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September 11, 2020

Delhi HC set asides disqualification of directors to enable them to continue the business as per CFSS

Delhi HC set asides the disqualification of directors to enable them to continue the business in pursuance of the Companies Fresh Start Scheme, 2020

A company has no physical existence; it is merely a legal entity. The person acting on the company’s behalf is called a Director. Under company law, a director can be disqualified due to any of the following reasons:

  • He is of an unsound mind and is declared so by the court
  • He is insolvent
  • He is in the process of declaring insolvency and his application is pending
  • He has been convicted by a court of any offence (whether or not involving moral turpitude) and has been imprisoned for at least six months. However, if a person has been convicted of any offence and has served a period of seven years or more, he shall not be eligible to be appointed as a director in any company
  • If an order has been passed disqualifying him of being appointed as a director by a court or Tribunal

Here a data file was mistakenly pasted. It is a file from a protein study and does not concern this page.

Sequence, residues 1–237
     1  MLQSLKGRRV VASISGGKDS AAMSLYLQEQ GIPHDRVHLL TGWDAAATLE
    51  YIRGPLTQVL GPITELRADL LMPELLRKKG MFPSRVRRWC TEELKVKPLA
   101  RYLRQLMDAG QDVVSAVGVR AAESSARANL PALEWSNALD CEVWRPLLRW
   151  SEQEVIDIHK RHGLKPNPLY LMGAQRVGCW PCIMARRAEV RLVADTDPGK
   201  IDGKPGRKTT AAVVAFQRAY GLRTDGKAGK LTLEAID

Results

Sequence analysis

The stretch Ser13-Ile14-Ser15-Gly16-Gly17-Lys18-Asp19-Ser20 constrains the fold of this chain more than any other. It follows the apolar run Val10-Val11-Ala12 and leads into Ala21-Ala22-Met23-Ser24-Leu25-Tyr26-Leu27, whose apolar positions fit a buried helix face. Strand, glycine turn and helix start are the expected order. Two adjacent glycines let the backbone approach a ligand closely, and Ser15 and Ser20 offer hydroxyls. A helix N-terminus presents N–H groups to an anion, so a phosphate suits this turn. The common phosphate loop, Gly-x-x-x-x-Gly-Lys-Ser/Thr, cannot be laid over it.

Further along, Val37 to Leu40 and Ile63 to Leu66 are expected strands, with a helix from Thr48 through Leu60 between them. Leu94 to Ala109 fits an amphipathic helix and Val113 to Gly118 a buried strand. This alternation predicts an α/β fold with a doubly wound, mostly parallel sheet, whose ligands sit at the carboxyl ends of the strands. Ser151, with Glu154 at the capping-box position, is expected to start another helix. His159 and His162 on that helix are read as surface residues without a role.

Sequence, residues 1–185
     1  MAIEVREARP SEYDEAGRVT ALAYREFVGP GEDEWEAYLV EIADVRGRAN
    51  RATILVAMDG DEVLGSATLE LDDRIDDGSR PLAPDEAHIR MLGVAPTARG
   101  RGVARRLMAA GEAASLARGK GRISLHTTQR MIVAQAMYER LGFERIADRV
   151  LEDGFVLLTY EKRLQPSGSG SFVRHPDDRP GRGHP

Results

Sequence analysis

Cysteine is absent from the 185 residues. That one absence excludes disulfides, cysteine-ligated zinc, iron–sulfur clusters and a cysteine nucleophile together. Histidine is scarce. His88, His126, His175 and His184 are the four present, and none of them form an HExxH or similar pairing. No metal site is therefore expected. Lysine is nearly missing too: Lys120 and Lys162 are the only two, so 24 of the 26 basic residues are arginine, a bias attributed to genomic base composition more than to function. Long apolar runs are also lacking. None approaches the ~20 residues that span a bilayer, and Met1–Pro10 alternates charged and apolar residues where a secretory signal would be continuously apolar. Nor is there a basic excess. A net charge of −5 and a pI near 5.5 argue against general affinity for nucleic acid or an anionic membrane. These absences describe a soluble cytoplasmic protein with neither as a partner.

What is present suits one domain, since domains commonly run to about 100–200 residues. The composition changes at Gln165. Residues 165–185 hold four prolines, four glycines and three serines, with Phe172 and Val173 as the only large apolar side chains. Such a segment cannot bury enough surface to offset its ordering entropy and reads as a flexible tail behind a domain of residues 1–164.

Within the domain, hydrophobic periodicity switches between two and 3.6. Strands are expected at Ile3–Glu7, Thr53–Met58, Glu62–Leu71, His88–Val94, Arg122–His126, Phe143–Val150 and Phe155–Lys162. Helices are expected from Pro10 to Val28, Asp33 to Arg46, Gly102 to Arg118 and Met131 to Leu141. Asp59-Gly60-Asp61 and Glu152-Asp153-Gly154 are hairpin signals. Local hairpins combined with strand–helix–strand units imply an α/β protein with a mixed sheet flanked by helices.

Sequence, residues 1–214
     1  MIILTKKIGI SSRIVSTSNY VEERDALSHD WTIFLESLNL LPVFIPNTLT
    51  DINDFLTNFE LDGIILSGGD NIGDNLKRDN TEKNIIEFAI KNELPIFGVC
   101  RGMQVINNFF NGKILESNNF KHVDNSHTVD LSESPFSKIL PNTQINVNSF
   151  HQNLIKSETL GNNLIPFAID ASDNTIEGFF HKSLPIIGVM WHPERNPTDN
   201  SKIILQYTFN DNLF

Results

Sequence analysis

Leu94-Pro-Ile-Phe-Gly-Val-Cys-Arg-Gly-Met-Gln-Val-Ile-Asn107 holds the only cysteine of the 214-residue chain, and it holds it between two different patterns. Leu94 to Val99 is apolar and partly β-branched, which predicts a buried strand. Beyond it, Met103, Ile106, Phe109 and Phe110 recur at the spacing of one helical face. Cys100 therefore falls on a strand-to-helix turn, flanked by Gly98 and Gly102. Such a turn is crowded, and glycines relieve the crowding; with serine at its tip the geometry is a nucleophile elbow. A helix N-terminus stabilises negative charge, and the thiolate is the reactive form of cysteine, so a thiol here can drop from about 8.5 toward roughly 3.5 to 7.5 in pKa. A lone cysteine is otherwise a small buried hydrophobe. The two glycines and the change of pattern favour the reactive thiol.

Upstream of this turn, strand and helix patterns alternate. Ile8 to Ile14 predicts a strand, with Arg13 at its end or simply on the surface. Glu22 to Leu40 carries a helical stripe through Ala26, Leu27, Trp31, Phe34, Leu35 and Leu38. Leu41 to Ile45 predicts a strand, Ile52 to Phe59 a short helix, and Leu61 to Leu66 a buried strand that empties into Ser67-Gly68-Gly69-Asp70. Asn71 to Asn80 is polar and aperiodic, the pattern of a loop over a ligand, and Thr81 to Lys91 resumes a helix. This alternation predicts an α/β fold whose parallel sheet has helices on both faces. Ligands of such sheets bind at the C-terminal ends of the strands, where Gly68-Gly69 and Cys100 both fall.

• He has not paid any calls with respect to any shares of the company held by him, whether alone or jointly with others, and a period of six months has elapsed from the last day fixed for the payment of the call
  • He has been convicted of offences dealing with related party transactions at any time during the last preceding five years
  • He has failed to acquire a Director Identification Number.

Once disqualified, a person is not eligible for being appointed as Director of that company or any other company. This restriction is imposed for a period of five years or as the case may be. Since the year 2017, the Ministry of Corporate Affairs (MCA) has been strictly enforcing these provisions of the Companies Act.

Let us refer to the case of Sandeep Agarwal and anr vs Union of India, where petition was made before the Delhi High Court to cancel the disqualification of the directors.

Facts of the Case

  • The present petition was filed by the Petitioners – Mr Sandeep Agarwal and Ms Kokila Agarwal, both of whom are directors in two companies namely Koksun Papers Private Limited and Kushal Power Projects Private Limited.
  • Kushal Power was struck off from the Register of the Companies on 30th June, 2017, due to non-filing of financial statements and annual returns.
  • The Petitioners, being directors of Kushal Power were also disqualified with effect from 1st November, 2016 for 5 years till 31st October, 2021 under Section 164(2)(a) of the Companies Act, 2013.